Annual Management charge
Investment funds typically charge an Annual Management Charge (AMC). This pays for the management of your investments as well as other annual costs. For a share-based investment fund the typical retail Annual Management Charge is 1.5% of the total investments per year. Some types of investment funds, such as corporate bonds, have typically lower Annual Management Charges. Some, more complex investments have even greater Annual Management Charges.
Other annual charges
Unfortunately, the Annual Management Charge is not the end of the story for annual investment charges. You also need to look out for additional charges. These can include dealing costs, trustee fees and taxes paid by the investment managers. These tend to be quoted separately to the Annual Management Charge of the fund, and might add an additional 0.25% per year to the Annual Management Charge. In general, the more the fund manager buys and sells investments, the greater these transaction costs can be. A study by the financial regulator estimated that trades made by fund managers account for additional fees which are very difficult to track.
Total Expense Ratio
An easier way for you to judge the overall annual charges of your investment is to look at the Total Expense Ratio (TER). This must be quoted by the fund manager. It will include the Annual Management Charge plus typical additional expenses. This might be disclosed as “Ongoing charges” on a factsheet.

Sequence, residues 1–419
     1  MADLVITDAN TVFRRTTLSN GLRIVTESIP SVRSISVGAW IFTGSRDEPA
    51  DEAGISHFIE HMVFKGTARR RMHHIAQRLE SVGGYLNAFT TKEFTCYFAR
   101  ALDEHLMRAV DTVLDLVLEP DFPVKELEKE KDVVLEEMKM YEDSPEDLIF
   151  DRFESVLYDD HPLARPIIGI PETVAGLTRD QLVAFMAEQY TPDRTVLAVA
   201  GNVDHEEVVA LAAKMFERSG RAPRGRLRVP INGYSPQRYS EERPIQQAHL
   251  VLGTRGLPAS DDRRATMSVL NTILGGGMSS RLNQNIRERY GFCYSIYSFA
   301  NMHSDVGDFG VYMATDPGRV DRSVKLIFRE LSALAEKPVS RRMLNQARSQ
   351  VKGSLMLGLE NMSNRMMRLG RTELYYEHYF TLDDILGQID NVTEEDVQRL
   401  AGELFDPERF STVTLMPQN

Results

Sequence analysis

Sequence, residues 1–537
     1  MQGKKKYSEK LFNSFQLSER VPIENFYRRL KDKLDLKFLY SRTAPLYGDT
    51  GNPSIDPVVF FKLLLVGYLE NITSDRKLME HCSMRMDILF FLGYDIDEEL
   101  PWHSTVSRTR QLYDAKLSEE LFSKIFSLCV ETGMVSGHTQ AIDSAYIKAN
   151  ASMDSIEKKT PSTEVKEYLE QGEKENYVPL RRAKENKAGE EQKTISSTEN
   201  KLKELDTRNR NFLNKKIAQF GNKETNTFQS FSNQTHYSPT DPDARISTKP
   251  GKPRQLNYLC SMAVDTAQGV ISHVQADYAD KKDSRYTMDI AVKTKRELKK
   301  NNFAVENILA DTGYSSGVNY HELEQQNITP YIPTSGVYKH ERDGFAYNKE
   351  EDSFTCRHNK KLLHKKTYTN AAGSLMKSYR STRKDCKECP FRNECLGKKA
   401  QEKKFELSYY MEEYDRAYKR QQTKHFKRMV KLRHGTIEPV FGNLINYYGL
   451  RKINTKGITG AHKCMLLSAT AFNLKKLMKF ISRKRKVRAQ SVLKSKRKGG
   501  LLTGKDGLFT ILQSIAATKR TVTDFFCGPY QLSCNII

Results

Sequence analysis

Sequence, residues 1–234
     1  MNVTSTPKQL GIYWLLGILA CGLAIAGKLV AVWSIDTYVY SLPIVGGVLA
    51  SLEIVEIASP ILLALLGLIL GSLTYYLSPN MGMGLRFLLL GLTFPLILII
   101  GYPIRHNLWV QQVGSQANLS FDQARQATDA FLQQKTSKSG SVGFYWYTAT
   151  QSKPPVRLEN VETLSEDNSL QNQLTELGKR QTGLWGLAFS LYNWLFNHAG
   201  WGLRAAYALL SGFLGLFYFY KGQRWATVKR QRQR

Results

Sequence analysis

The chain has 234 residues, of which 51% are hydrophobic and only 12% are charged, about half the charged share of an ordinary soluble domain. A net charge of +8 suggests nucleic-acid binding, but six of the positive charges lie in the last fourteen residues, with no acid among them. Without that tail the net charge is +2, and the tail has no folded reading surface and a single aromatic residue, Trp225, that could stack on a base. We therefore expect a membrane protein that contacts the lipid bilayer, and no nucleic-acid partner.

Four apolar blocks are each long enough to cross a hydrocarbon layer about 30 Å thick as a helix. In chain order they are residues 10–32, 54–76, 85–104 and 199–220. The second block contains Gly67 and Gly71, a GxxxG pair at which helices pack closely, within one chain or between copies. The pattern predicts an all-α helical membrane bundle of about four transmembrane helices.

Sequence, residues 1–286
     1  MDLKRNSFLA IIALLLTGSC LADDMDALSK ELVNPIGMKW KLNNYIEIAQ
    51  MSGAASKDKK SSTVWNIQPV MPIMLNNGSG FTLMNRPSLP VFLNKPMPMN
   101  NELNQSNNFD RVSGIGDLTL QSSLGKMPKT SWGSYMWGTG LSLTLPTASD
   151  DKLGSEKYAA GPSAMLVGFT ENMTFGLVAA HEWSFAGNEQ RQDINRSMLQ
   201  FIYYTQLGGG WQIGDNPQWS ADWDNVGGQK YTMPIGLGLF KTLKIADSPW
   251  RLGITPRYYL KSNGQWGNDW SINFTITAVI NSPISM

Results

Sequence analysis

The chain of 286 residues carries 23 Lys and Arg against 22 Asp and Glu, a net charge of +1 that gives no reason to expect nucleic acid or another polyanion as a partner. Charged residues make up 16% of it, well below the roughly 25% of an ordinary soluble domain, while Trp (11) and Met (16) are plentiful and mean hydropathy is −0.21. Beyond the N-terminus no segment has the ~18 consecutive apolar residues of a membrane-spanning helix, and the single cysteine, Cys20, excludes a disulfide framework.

Some investments have an additional performance fee which is payable if the investment beats a certain level of returns, perhaps beating an index. These can be as high as 20% of the excess returns above a certain level. The argument is that the fund manager has done so well in that year that they can justify this additional charge.
Some investments have a charge for exiting the fund, perhaps before a certain date. These are typically applied to older investments and are rare with most collective investments such as OEICs and unit trusts. Just be careful to check these do not apply to you before you sell an investment.
How does having a financial adviser alter your investment charges?
Your financial adviser will have a keen eye on the charges of your investments since they will be well aware of the issues raised above. Here are some of the typical charges you would incur for investing via a financial adviser, and how they might differ from a typical retail investment.
As financial advisers we typically recommend that clients invest via an investment wrapper. These are administration platforms which allow us to buy and sell investments for you, and to make trades easily. They have a number of benefits: